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Texas Legislature passes ban on COVID-19 vaccine mandates from private employers

A COVID-19 vaccination clinic hosted by the Central Texas Allied Health Institute in partnernship with the African American Youth Harvest Foundation in Austin, TX on Mar. 27, 2021.
Gabriel C. Pérez
/
KUT
Texas employers found in violation of Senate Bill 7 would be fined $50,000 and face potential injunctive action by the Office of the Attorney General.

Private employers in Texas will soon be banned from requiring their employees to receive the COVID-19 vaccine.

The Texas Senate gave final approval to Senate Bill 7 on Tuesday. It now heads to Governor Greg Abbott’s desk, where it’s expected he will sign it into law.

The measure, part of a years-long effort by Republicans to do away with restrictions and medical efforts associated with the pandemic, was one of several issues Abbott asked lawmakers to address in the current special legislative session which ends next week.

Sen. Mayes Middleton, R-Galveston, said his proposal “protects the individual, their choice” to not get the COVID-19 vaccine.

“Everyone deserves to make that choice for themselves and they shouldn’t be forced to have to decide between providing for their family and their sincerely held beliefs about the COVID vaccine,” Middleton said Tuesday.

Under SB 7, businesses found in violation would be fined $50,000 and face potential injunctive action by the Office of the Attorney General. The Texas Workforce Commission would be tasked with creating rules around the fines.

Sen. Kelly Hancock, R-North Richland Hills, voted for SB 7 but expressed apprehension with the fine associated with the bill. He said he supported the $10,000 fine in the original version of the proposal.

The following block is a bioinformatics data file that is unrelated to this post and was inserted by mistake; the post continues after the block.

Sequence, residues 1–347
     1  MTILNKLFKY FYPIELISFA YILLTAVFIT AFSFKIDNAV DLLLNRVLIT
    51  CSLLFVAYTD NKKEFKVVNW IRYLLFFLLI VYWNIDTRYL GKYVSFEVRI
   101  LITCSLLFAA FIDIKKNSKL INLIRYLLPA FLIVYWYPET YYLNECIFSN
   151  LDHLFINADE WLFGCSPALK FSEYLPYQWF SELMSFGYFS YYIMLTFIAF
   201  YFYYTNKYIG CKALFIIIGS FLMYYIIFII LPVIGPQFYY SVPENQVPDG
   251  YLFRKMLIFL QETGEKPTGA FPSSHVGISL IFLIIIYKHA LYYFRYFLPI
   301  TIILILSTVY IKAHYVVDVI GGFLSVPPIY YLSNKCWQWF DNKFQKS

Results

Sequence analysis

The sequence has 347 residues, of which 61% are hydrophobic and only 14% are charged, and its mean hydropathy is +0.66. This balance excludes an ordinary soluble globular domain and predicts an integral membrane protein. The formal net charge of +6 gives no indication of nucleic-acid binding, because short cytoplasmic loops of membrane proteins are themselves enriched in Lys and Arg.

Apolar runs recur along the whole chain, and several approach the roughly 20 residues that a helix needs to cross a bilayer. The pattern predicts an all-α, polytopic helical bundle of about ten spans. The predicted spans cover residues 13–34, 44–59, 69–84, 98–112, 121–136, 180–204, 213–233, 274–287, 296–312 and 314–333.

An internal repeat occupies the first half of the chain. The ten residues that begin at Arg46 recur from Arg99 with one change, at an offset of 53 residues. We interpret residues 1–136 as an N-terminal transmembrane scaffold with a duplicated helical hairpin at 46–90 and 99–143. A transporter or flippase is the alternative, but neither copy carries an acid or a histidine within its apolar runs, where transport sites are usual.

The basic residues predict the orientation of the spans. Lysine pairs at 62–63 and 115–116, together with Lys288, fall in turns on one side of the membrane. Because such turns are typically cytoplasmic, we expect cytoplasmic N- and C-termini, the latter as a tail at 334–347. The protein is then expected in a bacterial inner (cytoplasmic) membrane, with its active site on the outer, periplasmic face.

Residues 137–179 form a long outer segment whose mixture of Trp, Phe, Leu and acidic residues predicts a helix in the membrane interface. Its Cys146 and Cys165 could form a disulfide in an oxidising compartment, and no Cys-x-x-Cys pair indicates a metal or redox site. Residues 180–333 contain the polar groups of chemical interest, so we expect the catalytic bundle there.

“I did want to center this to recognize we are mandating on small business owners who risked it all to start their businesses and the $50,000, frankly, could be what a lot of them make in a year,” Hancock said.

Under the bill, employers who take corrective measures would not have to pay the fine.

Pro-business groups are against the legislation. The National Federation of Independent Businesses and the Texas Association of Business both registered their opposition.

In a statement to The Texas Newsroom last week, Glenn Hamer, the president and CEO of the Texas Association of Business, warned about the impact of the measure.

“Penalizing employers $50,000 for certain operational decisions as a first time offense could endanger the survival of impacted small businesses," Hamer said.

Meanwhile, Sen. Sarah Eckhardt, D-Austin, suggested that Republicans who support the measure, like Middleton, only support the right for people to make choices over their bodies when it’s convenient.

“The author's statement of intent is that individuals should be able to make personal, medical decisions without the fear of retribution from their employer,” Eckhard told Middleton. “But you don’t believe that a person should make medical decisions without fear of retribution with regards to reproductive health care.”

All abortions are banned in Texas except if a patient is at risk of death.

Sergio Martínez-Beltrán is the Texas Capitol Reporter for The Texas Newsroom. Got a tip? Email him at smb@kut.org. Follow him on Twitter @SergioMarBel.
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